Harvey Pekar's Ode to Cleveland

Late Author's Work Is Paean to Hometown

joseph remnant

By Jillian Steinhauer

Published March 07, 2012, issue of March 16, 2012.

Harvey Pekar’s Cleveland
By Harvey Pekar and Joseph Remnant
Top Shelf Productions, 128 pages, $21.99

Toward the end of the graphic novel “Harvey Pekar’s Cleveland,” the author (Harvey Pekar) reflects on aging. Shown looking in a bathroom mirror, inspecting his hair and face, he muses, “Y’know, it’s funny for me now. I look in the mirror and see I’ve lost a lotta hair. So I realize I’m getting old…. But still, I don’t feel all creaky and stuff. Who knows? Maybe I’ll keep going for a while.”

When he wrote those words, Pekar was 70; he never made it to 71. He died in July 2010 from an accidental overdose of antidepressants, leaving behind a string of projects in various states of completion. Among them is “Cleveland,” which combines what Pekar is best known for — autobiographical storytelling, as in his most famous series, “American Splendor” — with the history of his hometown. Beautifully illustrated by artist Joseph Remnant, the book loosely parallels the rise and fall of the city with the trajectory of Pekar’s life.

Read all the Forward’s special coverage of Cleveland, including Cleveland Rocks — Not Really, Sweating in the Cleveland Schvitz and For Cleveland Jews, Schvitz Is Must

Pekar starts in the 18th century, with a tract of land known as the Western Reserve. A group of surveyors headed by one Moses Cleaveland (dismayingly misspelled as “Cleveland” in the book) purchased the property in 1796 and began building a settlement. By 1810, Pekar recounts, 17,000 people had moved there. By 1870, Cleveland, the biggest town in the area, boasted 93,000 residents.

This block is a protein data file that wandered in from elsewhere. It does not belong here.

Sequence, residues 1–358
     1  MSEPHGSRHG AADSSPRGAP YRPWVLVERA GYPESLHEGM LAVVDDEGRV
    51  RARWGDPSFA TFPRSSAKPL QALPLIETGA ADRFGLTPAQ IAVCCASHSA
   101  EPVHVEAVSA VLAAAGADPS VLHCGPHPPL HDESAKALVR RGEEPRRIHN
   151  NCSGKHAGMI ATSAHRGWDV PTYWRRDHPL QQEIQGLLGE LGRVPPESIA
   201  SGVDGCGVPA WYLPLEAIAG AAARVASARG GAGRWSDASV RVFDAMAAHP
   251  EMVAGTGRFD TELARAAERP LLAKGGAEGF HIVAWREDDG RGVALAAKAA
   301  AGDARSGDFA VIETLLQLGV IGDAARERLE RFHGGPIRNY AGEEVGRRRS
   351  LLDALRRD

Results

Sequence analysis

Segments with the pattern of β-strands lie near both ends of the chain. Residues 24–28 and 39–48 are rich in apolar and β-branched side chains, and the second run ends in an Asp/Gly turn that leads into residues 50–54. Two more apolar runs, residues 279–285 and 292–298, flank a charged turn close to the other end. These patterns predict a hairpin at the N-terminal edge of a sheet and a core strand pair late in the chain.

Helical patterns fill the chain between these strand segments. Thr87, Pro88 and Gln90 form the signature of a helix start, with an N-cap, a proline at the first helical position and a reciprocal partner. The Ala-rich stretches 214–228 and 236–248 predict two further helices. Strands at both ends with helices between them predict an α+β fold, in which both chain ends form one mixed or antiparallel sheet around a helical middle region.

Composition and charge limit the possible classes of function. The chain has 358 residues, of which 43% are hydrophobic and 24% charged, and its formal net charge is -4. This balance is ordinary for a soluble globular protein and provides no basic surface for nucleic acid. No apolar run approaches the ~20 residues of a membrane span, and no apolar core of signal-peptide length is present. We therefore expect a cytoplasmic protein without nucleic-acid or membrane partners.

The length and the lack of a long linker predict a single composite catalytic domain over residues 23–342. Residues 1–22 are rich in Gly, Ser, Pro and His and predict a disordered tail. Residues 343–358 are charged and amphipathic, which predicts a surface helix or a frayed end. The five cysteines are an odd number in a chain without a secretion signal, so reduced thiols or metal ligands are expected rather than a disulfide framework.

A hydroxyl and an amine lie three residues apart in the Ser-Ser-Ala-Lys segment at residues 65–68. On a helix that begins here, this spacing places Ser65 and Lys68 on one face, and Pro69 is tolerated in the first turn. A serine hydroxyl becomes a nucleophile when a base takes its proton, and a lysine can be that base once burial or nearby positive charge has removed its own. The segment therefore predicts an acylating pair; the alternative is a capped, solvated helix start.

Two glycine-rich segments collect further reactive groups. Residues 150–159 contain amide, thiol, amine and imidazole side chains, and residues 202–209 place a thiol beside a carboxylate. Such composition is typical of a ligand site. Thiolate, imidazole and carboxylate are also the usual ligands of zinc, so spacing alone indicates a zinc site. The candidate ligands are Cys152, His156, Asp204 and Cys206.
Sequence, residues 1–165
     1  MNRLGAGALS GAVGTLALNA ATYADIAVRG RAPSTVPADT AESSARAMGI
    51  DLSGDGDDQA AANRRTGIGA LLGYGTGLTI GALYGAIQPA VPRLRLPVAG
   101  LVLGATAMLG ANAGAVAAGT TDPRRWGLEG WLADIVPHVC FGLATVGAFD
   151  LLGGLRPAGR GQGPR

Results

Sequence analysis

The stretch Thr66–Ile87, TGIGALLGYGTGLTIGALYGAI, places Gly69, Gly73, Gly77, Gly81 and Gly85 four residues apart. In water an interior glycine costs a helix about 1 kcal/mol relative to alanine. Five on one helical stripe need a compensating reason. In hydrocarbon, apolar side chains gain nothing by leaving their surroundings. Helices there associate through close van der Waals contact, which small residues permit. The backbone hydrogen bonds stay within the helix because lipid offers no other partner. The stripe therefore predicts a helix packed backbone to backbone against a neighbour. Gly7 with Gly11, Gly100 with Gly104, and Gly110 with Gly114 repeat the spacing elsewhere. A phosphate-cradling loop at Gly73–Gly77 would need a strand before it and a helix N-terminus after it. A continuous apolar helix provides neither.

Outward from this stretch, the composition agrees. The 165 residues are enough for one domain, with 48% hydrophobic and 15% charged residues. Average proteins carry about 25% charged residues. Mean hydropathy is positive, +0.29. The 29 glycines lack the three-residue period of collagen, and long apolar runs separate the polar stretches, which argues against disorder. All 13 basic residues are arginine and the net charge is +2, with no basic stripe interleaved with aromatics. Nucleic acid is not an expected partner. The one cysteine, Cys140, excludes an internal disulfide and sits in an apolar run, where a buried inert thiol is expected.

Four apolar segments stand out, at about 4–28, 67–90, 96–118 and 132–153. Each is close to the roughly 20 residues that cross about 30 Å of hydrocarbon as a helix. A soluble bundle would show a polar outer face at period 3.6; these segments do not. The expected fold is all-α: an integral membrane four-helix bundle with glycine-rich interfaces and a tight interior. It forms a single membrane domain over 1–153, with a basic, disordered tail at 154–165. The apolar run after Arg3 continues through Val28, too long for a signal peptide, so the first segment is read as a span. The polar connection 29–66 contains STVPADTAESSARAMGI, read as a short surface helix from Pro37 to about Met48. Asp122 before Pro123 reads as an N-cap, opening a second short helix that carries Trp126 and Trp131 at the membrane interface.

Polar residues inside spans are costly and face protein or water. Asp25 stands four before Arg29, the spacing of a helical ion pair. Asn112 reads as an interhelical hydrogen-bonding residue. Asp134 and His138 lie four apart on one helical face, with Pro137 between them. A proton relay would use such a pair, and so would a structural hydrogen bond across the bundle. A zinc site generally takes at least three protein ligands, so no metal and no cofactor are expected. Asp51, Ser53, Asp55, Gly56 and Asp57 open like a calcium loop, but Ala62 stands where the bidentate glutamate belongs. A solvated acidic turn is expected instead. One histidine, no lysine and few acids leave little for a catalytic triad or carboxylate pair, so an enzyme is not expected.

The city rapidly became a center of industrial production, drawing immigrants and gaining such metropolitan staples as a park system, a public auditorium and a skyscraper, Terminal Tower, then the tallest American building outside New York. But Cleveland’s 1920s heyday was just that, and Pekar dates some of the “bad signs” signaling its decline as early as 1930, when people began to flee to the suburbs. The city faced growing unemployment, slums and racial unrest, while its tax revenues shrank.

All this before Pekar was born. He spends the first third of the book on this sometimes dry history, coloring it with his idiosyncratic style, a kind of Pekar patois familiar to readers of his other comics. Its characteristics include awkward syntax (“Another highly-thought-of mayor was…”) and a mixture of meticulous detail (“Cleveland’s black population increased in the latter half of the nineteenth century, but stayed at 1% of the total population.”) with vague, nearly trite statements (“Around that time, women were still oppressed.”). Pekar tells this tale as he’s told the others before — like an old man (somehow he’s always sounded like an old man) recording for posterity what he knows is important and liable to be forgotten. It seems fitting when, in the afterword, Cleveland-born journalist Jimi Izrael writes, “Harvey was the sweet, kindly Jewish grandfather I never had.”